Kerala Minister for Agriculture Mullakkara Ratnakaran wrote to the Union Minister of Agriculture Sharad Pawar on Wednesday urging him to initiate urgent action to ban the manufacture and use of Endosulfan and its formulations under different trade names in the country and also to move the Stockholm Convention for a consensus to ban it world-wide. He spoke to The Hindu on his demand. Excerpts from the interview:
Why are you demanding a national ban on Endosulfan?
I feel that it is not desirable for any government to neglect the health hazards. In a democratic set up, it is the prime duty of the government to allay the fears of the suffering citizens and to take measures to help them recover from overwhelming sense of powerlessness and despair. The ban has to be national to protect the people.
Union Minister for Civil Aviation Vayalar Ravi asks why Endosulfan is still being used in Kerala. His contention is that the Chief Minister should answer for the smuggling of Endosulfan into Kerala. However, it is the Prime Minister who should actually answer the question. Only a national ban could ensure non-use of Endosulfan. If Endosulfan is banned in Kerala alone, it would not help.
But the State’s agriculture officers are to enforce the ban under the Insecticides Act?
An agriculture officer can only stop people when they are using it. He cannot stop the smuggling of the pesticides in jeeps and other vehicles. If the use of Endosulfan is to be totally eliminated in the State, a national ban is required.
The second issue is the arrival of vegetables, fruits and other commodities contaminated with
Endosulfan into the State. Thus Keralites becomes victims of Endosulfan.
The majority of nations of the world has banned Endosulfan and are seeking global ban along with Kerala and Karnataka States. When Kerala and Karnataka are standing with the world, India is not standing either with the world or its States.
Since agriculture officers cannot check vehicles, do you feel that the police or other agencies should be empowered to conduct the searches?
We have made arrangements to check some of the routes. However, Endosulfan is being brought under different names and labels. Only an agriculture officer can detect whether something, being carried in a vehicle, is Endosulfan. We cannot post technical officers to check every vehicle. The police or tax officials alone cannot detect consignments as that could lead to legal complications. That is why there is limitation in checking smuggling. So, the answer is a national ban.
You said contaminated vegetables and other items are reaching the State. Do you have any estimates?
No, our laboratory facilities are inadequate. People are cultivating vegetables for own use and for marketing differently. There is heavy use of pesticides in items produced for sales. Kerala becomes the victim of such practices. The city dwellers of the producing States might also be getting affected.
The Center is saying that there is no cheap alternative for Endosulfan?
The current debate is that organic insecticides should be locally made to suit the local needs and environment. China, Argentina and other developing countries have already received funding from U.N. agencies for substitution of endosulfan with safer alternatives. There are indeed alternatives.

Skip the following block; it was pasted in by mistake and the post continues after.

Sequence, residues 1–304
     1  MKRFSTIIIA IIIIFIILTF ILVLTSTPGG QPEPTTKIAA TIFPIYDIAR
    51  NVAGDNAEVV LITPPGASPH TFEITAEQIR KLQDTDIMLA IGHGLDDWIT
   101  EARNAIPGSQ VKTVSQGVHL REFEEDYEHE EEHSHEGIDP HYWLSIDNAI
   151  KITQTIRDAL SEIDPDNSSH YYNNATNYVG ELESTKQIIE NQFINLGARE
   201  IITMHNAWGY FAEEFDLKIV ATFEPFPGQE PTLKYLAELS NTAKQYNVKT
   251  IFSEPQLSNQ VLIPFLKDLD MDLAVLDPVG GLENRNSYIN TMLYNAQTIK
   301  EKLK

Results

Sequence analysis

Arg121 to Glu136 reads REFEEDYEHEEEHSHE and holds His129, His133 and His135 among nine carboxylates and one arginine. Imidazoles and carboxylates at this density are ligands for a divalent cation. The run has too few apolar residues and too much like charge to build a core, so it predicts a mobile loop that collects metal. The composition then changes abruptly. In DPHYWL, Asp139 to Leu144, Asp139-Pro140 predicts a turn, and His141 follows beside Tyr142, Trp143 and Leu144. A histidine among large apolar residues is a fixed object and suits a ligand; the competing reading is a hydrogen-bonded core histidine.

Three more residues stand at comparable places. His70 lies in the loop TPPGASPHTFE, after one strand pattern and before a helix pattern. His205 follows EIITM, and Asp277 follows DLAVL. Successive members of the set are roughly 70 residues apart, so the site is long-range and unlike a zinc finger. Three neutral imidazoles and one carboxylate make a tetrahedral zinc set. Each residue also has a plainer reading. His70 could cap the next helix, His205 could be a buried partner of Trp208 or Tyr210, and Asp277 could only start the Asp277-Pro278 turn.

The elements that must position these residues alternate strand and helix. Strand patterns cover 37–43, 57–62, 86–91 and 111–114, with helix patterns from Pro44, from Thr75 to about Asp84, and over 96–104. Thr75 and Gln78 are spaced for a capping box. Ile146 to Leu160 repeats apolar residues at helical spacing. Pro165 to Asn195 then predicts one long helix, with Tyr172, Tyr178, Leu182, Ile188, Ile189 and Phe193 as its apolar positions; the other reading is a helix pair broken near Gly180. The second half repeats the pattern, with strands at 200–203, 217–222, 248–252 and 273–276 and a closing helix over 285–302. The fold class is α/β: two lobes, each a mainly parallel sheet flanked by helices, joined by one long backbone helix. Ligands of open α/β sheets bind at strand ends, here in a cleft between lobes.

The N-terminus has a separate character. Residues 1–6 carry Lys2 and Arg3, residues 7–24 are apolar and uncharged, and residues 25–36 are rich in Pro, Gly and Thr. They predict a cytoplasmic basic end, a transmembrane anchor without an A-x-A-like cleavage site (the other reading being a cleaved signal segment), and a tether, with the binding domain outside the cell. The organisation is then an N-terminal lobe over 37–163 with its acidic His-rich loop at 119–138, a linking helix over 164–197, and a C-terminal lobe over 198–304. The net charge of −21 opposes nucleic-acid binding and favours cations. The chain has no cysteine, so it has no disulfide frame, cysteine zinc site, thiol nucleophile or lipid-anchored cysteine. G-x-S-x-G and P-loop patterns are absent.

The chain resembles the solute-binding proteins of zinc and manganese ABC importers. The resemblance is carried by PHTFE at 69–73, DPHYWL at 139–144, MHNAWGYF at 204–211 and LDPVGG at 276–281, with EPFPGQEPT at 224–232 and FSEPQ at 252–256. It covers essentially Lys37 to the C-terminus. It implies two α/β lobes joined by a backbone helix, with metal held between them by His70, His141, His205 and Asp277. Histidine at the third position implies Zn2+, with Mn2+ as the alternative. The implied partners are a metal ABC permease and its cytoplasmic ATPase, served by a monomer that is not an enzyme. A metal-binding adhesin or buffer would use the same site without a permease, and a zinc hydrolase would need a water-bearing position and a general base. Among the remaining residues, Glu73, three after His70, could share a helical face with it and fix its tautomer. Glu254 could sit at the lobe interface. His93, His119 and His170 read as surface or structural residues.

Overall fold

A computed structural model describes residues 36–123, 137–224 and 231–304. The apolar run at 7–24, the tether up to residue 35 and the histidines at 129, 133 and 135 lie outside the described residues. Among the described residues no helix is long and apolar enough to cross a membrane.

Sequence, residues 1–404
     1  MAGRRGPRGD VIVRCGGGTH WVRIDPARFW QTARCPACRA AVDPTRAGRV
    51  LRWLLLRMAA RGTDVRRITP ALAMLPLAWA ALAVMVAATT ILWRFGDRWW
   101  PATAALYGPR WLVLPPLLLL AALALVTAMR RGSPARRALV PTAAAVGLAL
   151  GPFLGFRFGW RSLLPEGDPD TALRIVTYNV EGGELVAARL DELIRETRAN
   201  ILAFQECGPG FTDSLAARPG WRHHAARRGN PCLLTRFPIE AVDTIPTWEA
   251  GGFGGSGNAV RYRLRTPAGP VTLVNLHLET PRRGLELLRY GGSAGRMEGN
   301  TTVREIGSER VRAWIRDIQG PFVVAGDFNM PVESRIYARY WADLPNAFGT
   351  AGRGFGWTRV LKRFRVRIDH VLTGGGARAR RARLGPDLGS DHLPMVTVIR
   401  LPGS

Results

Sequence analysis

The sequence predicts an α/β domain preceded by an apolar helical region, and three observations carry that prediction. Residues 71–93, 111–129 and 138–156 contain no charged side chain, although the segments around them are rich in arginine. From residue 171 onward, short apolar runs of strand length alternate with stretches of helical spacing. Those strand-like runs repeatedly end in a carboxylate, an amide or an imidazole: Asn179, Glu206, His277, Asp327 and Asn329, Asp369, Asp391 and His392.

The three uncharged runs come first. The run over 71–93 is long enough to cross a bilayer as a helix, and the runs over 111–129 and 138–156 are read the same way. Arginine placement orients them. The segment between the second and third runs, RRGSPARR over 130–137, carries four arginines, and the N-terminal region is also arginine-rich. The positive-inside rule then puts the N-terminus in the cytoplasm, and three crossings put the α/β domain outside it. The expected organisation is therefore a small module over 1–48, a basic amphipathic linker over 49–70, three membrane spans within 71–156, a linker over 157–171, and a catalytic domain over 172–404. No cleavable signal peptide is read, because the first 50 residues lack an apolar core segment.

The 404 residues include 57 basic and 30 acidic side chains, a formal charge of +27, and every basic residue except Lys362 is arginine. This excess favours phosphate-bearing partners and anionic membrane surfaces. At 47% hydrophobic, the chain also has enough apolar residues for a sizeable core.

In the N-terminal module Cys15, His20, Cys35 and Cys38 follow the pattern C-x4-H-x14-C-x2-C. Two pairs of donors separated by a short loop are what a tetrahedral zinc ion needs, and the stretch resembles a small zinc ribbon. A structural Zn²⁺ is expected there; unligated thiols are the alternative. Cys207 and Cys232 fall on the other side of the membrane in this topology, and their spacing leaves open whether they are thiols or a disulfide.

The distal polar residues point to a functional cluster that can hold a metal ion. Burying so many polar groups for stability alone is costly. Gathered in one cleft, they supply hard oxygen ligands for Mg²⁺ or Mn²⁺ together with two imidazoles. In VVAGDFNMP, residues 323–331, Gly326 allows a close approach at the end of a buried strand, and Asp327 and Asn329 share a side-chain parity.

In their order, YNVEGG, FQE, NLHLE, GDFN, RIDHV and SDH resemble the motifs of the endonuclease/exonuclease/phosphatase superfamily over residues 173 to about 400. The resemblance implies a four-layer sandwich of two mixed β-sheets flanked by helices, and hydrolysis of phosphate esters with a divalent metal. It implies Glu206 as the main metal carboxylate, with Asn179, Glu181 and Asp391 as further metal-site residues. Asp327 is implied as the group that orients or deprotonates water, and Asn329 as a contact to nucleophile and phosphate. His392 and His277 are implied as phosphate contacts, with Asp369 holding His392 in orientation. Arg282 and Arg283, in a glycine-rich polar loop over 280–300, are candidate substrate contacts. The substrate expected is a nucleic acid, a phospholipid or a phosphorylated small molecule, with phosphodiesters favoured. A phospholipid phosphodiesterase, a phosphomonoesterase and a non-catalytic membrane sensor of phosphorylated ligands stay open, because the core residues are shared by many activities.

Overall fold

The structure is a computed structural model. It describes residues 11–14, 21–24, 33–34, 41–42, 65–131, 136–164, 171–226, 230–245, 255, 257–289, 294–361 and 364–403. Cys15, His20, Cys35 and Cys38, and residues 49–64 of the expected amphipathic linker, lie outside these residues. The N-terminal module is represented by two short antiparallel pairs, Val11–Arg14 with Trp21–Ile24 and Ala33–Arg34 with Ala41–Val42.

If chemical alternatives are not there, other alternatives should be pursued?
Yes. If the cost is high, the Centre should subsidise. Or the Centre and the State should together subsidise use of such alternatives.
The Director of Agriculture of Kerala was a member of the Mayee Committee which had said that no link had been established between the health problems in Kasaragod district and Endosulfan. The Director had signed the Committee’s report in 2005. This still remains the official finding of Kerala’s Agriculture Department before the Centre. You have made no amends to that through an official communication?
What was wrong with that finding was that it was not right for experts in agriculture technology to reach a finding on matters connected to health and environmental effects of Endosulfan. Experts in health should speak about the health effects while soil and agriculture scientists and environmentalists may make their contributions. Then, there are doubts whether our laboratories were equipped to determine the presence or effects of Endosulfan sprayed a decade ago. So, we should go by the findings made elsewhere in the world. Endosulfan has been banned in 81 countries after evaluating the impacts. And, in many cases, they had taken into account the experience in Kasargod besides their own studies. So, it is strange that India, where Kasaragod lies, fails to ban Endosulfan. You cannot justify such a stand in a democracy.
But my question was whether the Agriculture Department should not officially correct the stand it took five years ago with respect to Mayee Committee report?
That is a technical question. What you say is that it needs correction. My contention is that even the constitution of Mayee Committee was in error. A committee of agriculture scientists alone was not competent to determine the issue. Of course, the finding needs correction through a multi-disciplinary study.
Then, why the government opposing further studies proposed by the Centre?
We are not saying that there should not be any further studies. What we say is that no further studies are needed for banning endosulfan. There could be any number of studies after banning the pesticide.